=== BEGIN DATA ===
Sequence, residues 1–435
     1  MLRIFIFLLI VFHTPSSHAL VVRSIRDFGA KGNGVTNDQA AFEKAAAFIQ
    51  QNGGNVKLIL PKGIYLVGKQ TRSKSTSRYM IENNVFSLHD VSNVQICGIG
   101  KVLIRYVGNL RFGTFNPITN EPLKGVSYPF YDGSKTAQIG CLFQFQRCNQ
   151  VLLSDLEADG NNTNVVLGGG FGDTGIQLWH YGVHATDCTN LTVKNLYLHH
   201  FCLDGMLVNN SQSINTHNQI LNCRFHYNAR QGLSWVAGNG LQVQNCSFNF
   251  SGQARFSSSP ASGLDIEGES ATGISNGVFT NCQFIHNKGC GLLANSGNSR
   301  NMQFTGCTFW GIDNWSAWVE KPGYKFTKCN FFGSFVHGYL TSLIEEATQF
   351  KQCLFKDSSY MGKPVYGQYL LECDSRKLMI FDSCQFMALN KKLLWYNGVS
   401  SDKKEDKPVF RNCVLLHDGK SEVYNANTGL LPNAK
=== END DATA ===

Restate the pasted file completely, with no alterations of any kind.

Sequence, residues 1–435
     1  MLRIFIFLLI VFHTPSSHAL VVRSIRDFGA KGNGVTNDQA AFEKAAAFIQ
    51  QNGGNVKLIL PKGIYLVGKQ TRSKSTSRYM IENNVFSLHD VSNVQICGIG
   101  KVLIRYVGNL RFGTFNPITN EPLKGVSYPF YDGSKTAQIG CLFQFQRCNQ
   151  VLLSDLEADG NNTNVVLGGG FGDTGIQLWH YGVHATDCTN LTVKNLYLHH
   201  FCLDGMLVNN SQSINTHNQI LNCRFHYNAR QGLSWVAGNG LQVQNCSFNF
   251  SGQARFSSSP ASGLDIEGES ATGISNGVFT NCQFIHNKGC GLLANSGNSR
   301  NMQFTGCTFW GIDNWSAWVE KPGYKFTKCN FFGSFVHGYL TSLIEEATQF
   351  KQCLFKDSSY MGKPVYGQYL LECDSRKLMI FDSCQFMALN KKLLWYNGVS
   401  SDKKEDKPVF RNCVLLHDGK SEVYNANTGL LPNAK